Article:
The Battle Has Only Begun
The Battle Has Only Begun
He had seen too much, Iwar thought. Sometimes it was really as simple as that. He had seen far too much. He didn't often feel old, but these past few weeks had made him feel the full weight of his almost sixty winters. Some considered him too old to be here, citing his age and his undeniable skill at the anvil as good excuses for him not to join the battle.
Iwar disagreed. What else was there left for him in life but to try and kill as many Orcs as he could? He had no one left to go back to, and maybe his presence here could save one life, the life of someone who did have something or someone to return to after this impending battle. If he had voiced this intention to anyone around him, they would have said that he was suicidal, and that this was no attitude to enter a battle with. They might even consider him a risk, which was why he hadn't told them. His motivations were his own and no one else's.
And it felt good to stand here. For the first time since the dragon had come and had laid waste to his home, he felt like he was doing something, something that mattered. When Smaug had come and burned the house, which contained his wife, children and grandchildren, he had been away, in his forge, trying to finish an order. Only by pure chance had one of his customers had the presence of mind to drag him out and into a boat. In the darkest hours of the night, he sometimes cursed the unknown man who had saved his life. Without his family, life seemed utterly pointless.
There was little use in staying with the charred remains of a town he'd lived in his whole life, and so he had marched on the Lonely Mountain, like so many others had done. Most of them blamed the Dwarves for wakening the dragon and setting it on their town, but Iwar was too numb to feel anything. He just felt empty. There was no rage, no longing for bloody vengeance, as there was in so many of the younger men. And what did rage matter anyway? No amount of vengeance would bring his loved ones back, and neither would hoards of gold restore them to life. Of course he agreed that the Dwarves should pay. It would not right the wrongs, but it was a necessity of life that they paid. Winter was approaching all too fast and the survivors needed shelter, food, medicine, all of which could be purchased with the gold the so-called King under the Mountain was withholding for reasons far beyond Iwar's comprehension. But then, politics had always been far beyond him.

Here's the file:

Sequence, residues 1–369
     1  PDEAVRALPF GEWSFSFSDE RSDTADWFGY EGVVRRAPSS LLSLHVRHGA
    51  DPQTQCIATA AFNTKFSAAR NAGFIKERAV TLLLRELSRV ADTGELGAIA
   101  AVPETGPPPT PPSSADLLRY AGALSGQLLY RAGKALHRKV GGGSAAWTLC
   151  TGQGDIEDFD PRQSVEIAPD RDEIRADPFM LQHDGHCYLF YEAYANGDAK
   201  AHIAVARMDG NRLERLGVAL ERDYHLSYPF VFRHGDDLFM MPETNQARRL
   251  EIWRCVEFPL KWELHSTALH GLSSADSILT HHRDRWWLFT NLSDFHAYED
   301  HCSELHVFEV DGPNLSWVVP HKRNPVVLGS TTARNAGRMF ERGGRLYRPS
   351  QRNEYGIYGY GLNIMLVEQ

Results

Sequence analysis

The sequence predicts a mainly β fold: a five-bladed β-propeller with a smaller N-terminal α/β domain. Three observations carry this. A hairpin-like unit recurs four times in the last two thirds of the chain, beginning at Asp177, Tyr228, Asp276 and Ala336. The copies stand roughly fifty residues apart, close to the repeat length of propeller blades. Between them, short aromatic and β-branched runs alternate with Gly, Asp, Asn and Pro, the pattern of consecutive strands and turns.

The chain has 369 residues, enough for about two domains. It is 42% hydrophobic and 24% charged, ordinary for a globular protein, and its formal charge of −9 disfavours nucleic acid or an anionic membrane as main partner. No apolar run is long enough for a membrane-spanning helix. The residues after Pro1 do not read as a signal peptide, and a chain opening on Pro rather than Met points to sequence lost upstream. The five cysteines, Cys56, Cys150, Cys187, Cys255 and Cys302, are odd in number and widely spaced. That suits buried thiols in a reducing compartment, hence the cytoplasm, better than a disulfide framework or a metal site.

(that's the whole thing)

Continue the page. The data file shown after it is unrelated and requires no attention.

He was not even sure how it had come to this: him standing side by side with Dwarves, ready to face an army of Orcs that had seemingly come completely out of the blue. He could see the Dwarves nearby. Iwar had not seen many of their kind during his life, and somehow he was taken aback by just how dangerous they looked, despite their short statures. Not so long ago he had feared to face them on the battlefield as foes, but here they were, allies.
Iwar took it all in his stride. There were worse people to fight and die alongside with.
He was too young, Aennen had been told, and he had seen too little. He disagreed. He had seen more than three hundred summers and had faced more spiders than he cared to count. And he had come out victorious, had he not? He had not gotten as much as a single scratch in the last fifty years and that, he believed, was something he could indeed be proud of. Whichever way you sliced it, there was no denying that he was an experienced warrior of some skill. He believed he had more than earned a place in his king's army.
His captain had not agreed. Aennen had been treated to many arguments of how a battle was different from dealing with spiders. At first it had looked like the only foes he would need to fight would be Dwarves. Aennen didn't have a problem with that. His kin had known trouble with the Dwarves for as long as he had lived, and since long before that. They were greedy, and a bunch of backstabbing liars as well, not to mention that they were violent. Not all that long ago they had attacked his people at their merry-making in the woods, and then they had escaped captivity by a backdoor, which told Aennen all he needed to know about their characters. Suddenly the stories came to life, all the things he'd heard about Dwarves suddenly became real. The things they had done were unforgiveable. Unleashing a dragon on a town of defenceless people? That was something so low that Aennen didn't even have the words for it. Were they so selfish that they did not care for the consequences of their actions? The current situation seemed to be suggesting just that. But then, what was he expecting from the people who valued lifeless stones above everything else?
He could see them now, standing, waiting for the army of Orcs to arrive. They were so small, about the height of children, but far more dangerous. They were heavily armed, and rather grim-looking as well. Worthy opponents in a fight they would be, Aennen assumed, although it was unlikely he would ever find out the truth of that now. Instead he would be faced with Orcs. As much as Aennen disliked Dwarves – and with good reason – Orcs were an abomination, creatures that should never have existed to begin with, that should have been wiped from the face of the earth two ages ago, when Morgoth fell. Instead, unlike their master, they had endured and had been a stain on Middle Earth ever since. Fighting them was a good cause.